This article was published on 25 August 2012. Some information may be out of date.

Retirement spending puzzle solved

It was a question that got people thinking. Massey University senior lecturer Claire Matthews had just finished a presentation at the Workplace Savings NZ conference on how much people spend in retirement. “How come most of the spending totals for two-person households are more than twice the one-person totals?,” somebody asked.

Conventional wisdom says that two people can live on much less than twice what one person lives on. This is reflected, for example, in NZ Super payments. For those in the lowest tax bracket, singles living alone get $349 a week after tax, while couples get $537.

But there are a couple of probable reasons why Matthews’ data doesn’t show the “economies” of living together.

An obvious reason is that her numbers don’t include housing costs — rent, mortgage payments or rates. Unfortunately many people are still renting or paying off a home loan in retirement. And everyone pays rates, either directly or as part of their rent.

Clearly, accommodation costs per person are cheaper for two people than one, even allowing for somewhat more space for a couple.

Another possible reason — pondered during the coffee break after Matthews’ presentation — is to do with age.

Matthews’ research looked at everyone whose main form of income is NZ Super (which by the way must exclude some wealthy retirees). She didn’t break down the data into younger and older retired people, and it will be interesting to see if that research comes next.

However, we don’t need research to tell us that people aged 65 to 75 are out and about and travel more than the 75-plusers. A common response to that is that older people spend more on medical costs. But Matthews’ data show health doesn’t loom large on retired people’s budgets.

What has this got to do with one-person and two-person households? Well, at the time of retirement, a certain proportion — let’s say one third — of households will be one-person, and most of the rest will be two-person. But as partners die, a growing proportion of retiree households will be one-person.

It would be lovely to counter this by saying, “What about all the retired people who find a new partner and marry or move in together?” But that’s not all that common.

Logic tells us that, on average, the people in one-person retired households will be older than the people in two-person households. And if we assume that older retirees spend less than younger retirees, that would help to answer the question at the conference. Two-person households spend more because they are younger.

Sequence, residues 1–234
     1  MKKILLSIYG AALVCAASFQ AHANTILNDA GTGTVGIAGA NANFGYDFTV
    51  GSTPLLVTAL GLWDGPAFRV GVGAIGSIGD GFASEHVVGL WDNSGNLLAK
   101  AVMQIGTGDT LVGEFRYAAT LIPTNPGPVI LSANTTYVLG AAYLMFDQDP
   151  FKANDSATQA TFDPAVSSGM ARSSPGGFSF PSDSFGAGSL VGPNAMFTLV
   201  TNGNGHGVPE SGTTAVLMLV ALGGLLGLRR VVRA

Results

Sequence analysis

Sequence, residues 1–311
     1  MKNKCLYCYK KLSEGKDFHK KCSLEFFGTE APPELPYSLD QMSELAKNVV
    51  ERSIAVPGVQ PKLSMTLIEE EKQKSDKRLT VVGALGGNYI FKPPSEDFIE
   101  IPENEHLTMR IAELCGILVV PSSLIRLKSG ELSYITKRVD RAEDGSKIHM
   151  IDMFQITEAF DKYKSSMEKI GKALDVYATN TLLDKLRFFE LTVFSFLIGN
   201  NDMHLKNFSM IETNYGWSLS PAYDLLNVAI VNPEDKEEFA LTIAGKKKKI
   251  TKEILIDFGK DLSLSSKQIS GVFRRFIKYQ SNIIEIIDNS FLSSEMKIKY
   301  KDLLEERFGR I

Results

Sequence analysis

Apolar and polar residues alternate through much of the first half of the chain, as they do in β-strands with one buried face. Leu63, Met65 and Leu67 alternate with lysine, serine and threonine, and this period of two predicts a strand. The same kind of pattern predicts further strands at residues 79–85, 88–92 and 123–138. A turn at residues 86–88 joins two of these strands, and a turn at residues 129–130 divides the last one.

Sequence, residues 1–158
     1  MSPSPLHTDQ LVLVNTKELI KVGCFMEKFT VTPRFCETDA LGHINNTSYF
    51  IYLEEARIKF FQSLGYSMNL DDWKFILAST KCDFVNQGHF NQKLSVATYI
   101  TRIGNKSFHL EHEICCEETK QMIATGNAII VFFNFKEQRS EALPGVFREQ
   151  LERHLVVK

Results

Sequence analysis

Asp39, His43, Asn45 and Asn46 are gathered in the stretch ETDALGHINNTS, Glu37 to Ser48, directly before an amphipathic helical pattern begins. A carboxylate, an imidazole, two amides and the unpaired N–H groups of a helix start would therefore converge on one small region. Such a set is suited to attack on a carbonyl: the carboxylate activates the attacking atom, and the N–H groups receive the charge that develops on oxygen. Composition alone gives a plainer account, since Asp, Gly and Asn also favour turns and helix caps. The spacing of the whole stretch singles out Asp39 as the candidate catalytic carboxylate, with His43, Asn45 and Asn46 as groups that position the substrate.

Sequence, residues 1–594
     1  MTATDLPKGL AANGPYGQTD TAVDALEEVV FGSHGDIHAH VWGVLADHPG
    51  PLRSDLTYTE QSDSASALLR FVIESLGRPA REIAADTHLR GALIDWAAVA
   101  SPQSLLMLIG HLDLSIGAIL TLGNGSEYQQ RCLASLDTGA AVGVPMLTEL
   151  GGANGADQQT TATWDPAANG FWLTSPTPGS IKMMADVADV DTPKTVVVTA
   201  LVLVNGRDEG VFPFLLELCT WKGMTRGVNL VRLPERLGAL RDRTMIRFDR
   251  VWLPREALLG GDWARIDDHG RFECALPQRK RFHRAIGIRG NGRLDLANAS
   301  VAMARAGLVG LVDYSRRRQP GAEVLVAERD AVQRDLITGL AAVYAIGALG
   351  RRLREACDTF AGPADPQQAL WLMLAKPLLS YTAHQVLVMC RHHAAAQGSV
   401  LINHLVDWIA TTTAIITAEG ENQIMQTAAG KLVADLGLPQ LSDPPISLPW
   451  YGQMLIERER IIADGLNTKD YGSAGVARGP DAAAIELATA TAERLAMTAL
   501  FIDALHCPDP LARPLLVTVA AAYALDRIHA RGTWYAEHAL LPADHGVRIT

Do the numbers support this?

Matthews presented results for “No Frills” households, which are a quarter of the way up the spending range, and households with “Choices”, which are three quarters of the way up. She also looked at “Metro” households, in Auckland and Wellington, and “Provincial” households elsewhere.

Comparing one-person and two-person households in each category, we find that two-person households tend to spend considerably more than twice what one-person households spend on: restaurant meals and ready-to-eat food; alcohol, tobacco and illicit drugs; household appliances; transport; and recreation and culture. The differences were smaller on basics such as other food and household energy.

All of which supports the idea that the average two-person retired household is younger and more actively involved in all sort of activities.

If we were able to compare one-person and two-person retired households in the same age groups — and we added accommodation costs — the idea that two can live more cheaply than one would probably be confirmed.

One odd finding: one-person Choices households in big cities spend $14.74 a week on clothing, while their two-person counterparts spend $11.79. What’s that about?

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Mary Holm is a freelance journalist, a director of Financial Services Complaints Ltd (FSCL), a seminar presenter and a bestselling author on personal finance. From 2011 to 2019 she was a founding director of the Financial Markets Authority. Her opinions are personal, and do not reflect the position of any organisation in which she holds office. Mary’s advice is of a general nature, and she is not responsible for any loss that any reader may suffer from following it.